NEA Literature Fellowships

John D'Agata

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(2008 - Prose)

From the essay "What Happens There"

On the same day in Las Vegas when sixteen-year-old Levi Presley jumped from the observation deck of the 1,149-foot-high tower of the Stratosphere Hotel and Casino, lap dancing was temporarily banned by the city in all of its thirty-four licensed strip clubs, archaeologists unearthed shards of the oldest known bottle of Tabasco Brand sauce from beneath a bar called Bucket of Blood, and a woman from Mississippi beat a chicken named Ginger, star of the "$10,000 Chicken Challenge" at the Tropicana Resort, in a 35-minute-long game of tic tac toe.

There was also on that day a second suicide by gunshot, a third one by hanging, the double homicide of teen brothers, the beating of an old man, an overdose, two heart attacks, seventeen highway accidents, and the discovery of a car in the parking lot of a store in which the body of a man was found "white, bloated, and oozing," according to one witness who was interviewed on the news.

At a record 118 degrees it was also the hottest day of the year, a fact that converged eventually with Levi Presley's suicide when a rental car from Utah somehow blew its back tires while traveling through the intersection of two busy streets, causing four separate jams and one alleged fight, and where it found itself stuck when the jack in the trunk of the silver Dodge Stratus sank into the heat-softened asphalt of the street.

We therefore know that when Levi Presley jumped from the tower of the Stratosphere Hotel at 6:01:43 p.m., and eventually hit the ground at 6:01:52 p.m., there were 100 tourists in five dozen cars that were honking and bumping and idling and yelling where Baltimore meets Las Vegas Boulevard. Some of those tourists later said to their friends that they saw in the dark something fall from the sky and then through the palms and then to the sidewalk's pavement, and some of those tourists then emerged from their cars to look down at what had fallen, and ten of those tourists volunteered to give statements that detailed what they had seen as it fell, or after it had fallen, or once the police arrived a half hour later on the scene, but none of their descriptions are available to the public, because, in the words of Las Vegas Metropolitan Police Sergeant Steve Barela, "This ain't gonna sound like some Mickey Spillane novel, man...all I got for you are facts," or because, in the words of Susan Reece, the coordinator of the Las Vegas Suicide Information Center, "Now that kind of thing isn't important to write down...we don't need you writing about any of that," or because, in the words of Michael Gilmartin, the Stratosphere's director of public relations, "Are you kidding me? I don't want to be associated with some piece about a kid who kills himself at my hotel. I mean, jeezus, what's the upside to that? All I can see is a downside. If you can tell me how this story could benefit the hotel then maybe we could discuss it. But right now I don't want to be a part of it. Alright?"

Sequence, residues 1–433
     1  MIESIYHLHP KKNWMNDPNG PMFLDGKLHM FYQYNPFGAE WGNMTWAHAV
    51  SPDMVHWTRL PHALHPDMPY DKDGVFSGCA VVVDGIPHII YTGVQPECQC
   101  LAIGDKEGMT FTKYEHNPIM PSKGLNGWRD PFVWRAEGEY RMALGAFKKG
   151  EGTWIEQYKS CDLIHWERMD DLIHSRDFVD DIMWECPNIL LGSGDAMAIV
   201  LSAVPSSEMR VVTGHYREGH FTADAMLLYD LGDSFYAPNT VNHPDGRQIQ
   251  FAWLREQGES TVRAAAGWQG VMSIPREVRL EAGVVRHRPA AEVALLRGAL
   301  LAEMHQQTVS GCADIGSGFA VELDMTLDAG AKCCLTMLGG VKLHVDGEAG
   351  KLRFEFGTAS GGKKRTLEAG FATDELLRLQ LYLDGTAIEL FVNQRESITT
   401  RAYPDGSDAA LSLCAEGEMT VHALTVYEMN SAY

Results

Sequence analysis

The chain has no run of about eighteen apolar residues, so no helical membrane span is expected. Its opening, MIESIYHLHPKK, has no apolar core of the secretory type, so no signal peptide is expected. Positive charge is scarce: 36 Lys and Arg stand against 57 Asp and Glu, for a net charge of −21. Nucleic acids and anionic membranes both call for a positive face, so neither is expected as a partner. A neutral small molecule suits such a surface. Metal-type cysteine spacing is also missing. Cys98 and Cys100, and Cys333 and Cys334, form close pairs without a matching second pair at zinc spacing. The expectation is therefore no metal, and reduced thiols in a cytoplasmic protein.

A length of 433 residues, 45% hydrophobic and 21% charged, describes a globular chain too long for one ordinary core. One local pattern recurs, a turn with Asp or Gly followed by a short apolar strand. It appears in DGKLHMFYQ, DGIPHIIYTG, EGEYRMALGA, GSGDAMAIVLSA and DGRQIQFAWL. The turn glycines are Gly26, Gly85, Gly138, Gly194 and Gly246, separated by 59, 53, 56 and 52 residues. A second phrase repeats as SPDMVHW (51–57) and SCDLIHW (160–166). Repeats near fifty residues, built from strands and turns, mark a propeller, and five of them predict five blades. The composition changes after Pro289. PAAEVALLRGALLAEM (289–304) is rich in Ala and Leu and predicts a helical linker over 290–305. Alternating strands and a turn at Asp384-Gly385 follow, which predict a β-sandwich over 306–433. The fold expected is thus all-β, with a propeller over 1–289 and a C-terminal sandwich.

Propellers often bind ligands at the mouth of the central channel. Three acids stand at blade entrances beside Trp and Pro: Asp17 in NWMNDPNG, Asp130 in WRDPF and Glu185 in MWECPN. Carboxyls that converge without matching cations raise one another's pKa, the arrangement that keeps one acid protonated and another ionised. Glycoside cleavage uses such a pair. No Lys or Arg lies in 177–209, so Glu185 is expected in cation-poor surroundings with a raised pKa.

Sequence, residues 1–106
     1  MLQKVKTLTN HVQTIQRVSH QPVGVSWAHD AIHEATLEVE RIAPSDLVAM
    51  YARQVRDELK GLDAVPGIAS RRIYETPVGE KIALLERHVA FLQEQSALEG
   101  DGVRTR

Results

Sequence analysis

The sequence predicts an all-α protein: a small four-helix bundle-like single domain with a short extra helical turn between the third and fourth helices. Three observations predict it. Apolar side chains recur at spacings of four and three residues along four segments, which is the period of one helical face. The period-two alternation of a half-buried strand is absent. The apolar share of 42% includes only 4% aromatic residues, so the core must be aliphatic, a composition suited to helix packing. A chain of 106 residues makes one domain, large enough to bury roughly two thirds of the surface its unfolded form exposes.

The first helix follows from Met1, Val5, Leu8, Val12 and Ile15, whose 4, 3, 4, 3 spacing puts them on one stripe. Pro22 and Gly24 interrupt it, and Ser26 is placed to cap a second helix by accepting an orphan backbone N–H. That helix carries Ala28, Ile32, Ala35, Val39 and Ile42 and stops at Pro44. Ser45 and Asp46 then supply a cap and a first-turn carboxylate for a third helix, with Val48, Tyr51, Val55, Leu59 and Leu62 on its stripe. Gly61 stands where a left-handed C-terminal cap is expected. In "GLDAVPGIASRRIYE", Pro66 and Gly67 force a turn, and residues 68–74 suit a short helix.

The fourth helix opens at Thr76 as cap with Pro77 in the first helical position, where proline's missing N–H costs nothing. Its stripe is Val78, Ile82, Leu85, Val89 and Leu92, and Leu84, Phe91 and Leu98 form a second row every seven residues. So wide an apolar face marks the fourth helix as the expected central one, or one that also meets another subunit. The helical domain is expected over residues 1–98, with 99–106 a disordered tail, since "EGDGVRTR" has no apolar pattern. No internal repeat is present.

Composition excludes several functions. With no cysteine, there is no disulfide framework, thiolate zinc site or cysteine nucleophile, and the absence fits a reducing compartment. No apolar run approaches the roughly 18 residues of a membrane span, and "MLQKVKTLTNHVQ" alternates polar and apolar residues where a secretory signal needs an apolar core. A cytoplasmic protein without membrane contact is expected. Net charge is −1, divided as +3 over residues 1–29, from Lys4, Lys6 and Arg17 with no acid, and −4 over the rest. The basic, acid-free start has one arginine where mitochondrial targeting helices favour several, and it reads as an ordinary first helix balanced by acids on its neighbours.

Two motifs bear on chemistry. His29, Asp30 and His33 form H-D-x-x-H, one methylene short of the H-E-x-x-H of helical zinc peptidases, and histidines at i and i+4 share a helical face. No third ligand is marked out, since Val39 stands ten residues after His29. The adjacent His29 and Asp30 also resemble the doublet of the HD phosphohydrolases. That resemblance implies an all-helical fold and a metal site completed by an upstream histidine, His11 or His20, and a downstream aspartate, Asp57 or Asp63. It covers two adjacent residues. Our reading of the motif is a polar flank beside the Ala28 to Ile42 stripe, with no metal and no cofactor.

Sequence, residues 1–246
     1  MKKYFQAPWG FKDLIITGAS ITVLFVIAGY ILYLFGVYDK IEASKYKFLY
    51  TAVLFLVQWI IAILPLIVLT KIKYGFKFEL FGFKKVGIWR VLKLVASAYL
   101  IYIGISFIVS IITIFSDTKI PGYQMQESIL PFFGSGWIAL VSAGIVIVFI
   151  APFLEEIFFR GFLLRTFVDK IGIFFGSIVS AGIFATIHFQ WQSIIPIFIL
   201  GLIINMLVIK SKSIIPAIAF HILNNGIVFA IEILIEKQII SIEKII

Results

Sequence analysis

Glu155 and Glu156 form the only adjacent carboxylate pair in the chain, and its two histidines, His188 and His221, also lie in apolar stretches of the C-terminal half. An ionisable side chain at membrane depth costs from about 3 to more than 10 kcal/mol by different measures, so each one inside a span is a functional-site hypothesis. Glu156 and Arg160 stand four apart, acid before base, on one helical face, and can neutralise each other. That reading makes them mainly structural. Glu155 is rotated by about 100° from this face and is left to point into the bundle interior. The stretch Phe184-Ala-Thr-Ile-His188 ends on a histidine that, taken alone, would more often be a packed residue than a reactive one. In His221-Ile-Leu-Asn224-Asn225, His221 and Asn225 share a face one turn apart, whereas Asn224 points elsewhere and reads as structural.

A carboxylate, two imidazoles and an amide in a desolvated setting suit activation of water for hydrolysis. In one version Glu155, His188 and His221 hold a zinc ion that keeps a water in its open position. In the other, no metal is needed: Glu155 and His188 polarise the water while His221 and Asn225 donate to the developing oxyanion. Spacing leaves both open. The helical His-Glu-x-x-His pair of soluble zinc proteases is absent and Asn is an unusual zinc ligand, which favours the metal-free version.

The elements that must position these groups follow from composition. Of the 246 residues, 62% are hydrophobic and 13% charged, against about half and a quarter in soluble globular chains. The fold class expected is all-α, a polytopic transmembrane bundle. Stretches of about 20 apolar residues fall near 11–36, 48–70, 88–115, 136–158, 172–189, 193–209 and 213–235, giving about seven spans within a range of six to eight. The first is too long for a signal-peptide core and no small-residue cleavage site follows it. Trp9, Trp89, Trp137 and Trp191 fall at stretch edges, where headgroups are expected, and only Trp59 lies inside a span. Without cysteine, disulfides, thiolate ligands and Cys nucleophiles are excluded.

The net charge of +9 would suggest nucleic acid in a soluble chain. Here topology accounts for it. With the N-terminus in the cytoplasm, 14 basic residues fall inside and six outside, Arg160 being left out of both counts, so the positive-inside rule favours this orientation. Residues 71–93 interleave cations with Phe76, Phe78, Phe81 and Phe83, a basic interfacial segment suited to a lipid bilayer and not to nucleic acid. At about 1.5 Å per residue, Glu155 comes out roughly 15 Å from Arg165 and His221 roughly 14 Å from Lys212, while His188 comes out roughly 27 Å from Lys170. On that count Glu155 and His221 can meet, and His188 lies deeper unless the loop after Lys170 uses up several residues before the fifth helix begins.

John D'Agata was born and raised on Cape Cod, Massachusetts. He attended the Northfield Mount Hermon School, and later the Intercollegiate Center for Classical Studies in Rome before receiving a BA from Hobart College. He earned MFAs in both nonfiction and poetry from the University of Iowa, and has since taught writing and literature at Colgate, the University of Wyoming, the California Institute of the Arts, and the University of Iowa, where he is now on the permanent faculty of the nonfiction writing program. His first book, Halls of Fame, was published by Graywolf Press. He is also the editor of The Next American Essay, an anthology of innovative nonfiction-the first in a projected 3-volume study of the history of alternative forms of the essay. His next book, About a Mountain, will be published by Norton in 2009.

Photo by A. Algardi

Author's Statement

I think that any show of love for the essay is a cause for celebration. We aren't quite yet over the hump in this country in acknowledging that nonfiction is in fact a legitimate, literary, and artful form of writing. So I am of course deeply grateful to the Endowment and to this year's fellowship judges for continuing to support those of us who work in this supposed "fourth genre."

With this funding I'm going to continue researching and writing an odd long essay about a perpetual motion machine that was built in Tennessee during the Civil War. Its maker, a man named Asa Jackson, was a Southern supporter who retreated with his machine into a cave for two years when his town was raided and then occupied by Union soldiers. Eventually, once the South was defeated, Asa emerged from his cave with his completed machine, and witnesses claimed that indeed it did work, despite that fact that a perpetual motion machine violates every law of physics that we're aware of in this world. In protest of the North's ultimate victory however, Asa dismantled his contraption in front of the witnesses, claiming that the country didn't deserve his invention. It rests to this day in a museum in Tennessee, tantalizingly, in pieces.